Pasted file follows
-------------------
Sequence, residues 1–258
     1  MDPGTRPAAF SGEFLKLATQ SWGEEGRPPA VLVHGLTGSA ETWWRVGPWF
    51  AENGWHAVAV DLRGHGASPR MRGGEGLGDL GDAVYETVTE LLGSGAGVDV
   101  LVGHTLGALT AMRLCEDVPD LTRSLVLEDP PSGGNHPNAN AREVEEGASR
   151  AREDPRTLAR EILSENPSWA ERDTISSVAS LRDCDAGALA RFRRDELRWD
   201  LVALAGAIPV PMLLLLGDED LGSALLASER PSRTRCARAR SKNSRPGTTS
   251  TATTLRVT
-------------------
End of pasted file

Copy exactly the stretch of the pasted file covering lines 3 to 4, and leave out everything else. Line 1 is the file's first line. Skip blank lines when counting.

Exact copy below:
    51  AENGWHAVAV DLRGHGASPR MRGGEGLGDL GDAVYETVTE LLGSGAGVDV
   101  LVGHTLGALT AMRLCEDVPD LTRSLVLEDP PSGGNHPNAN AREVEEGASR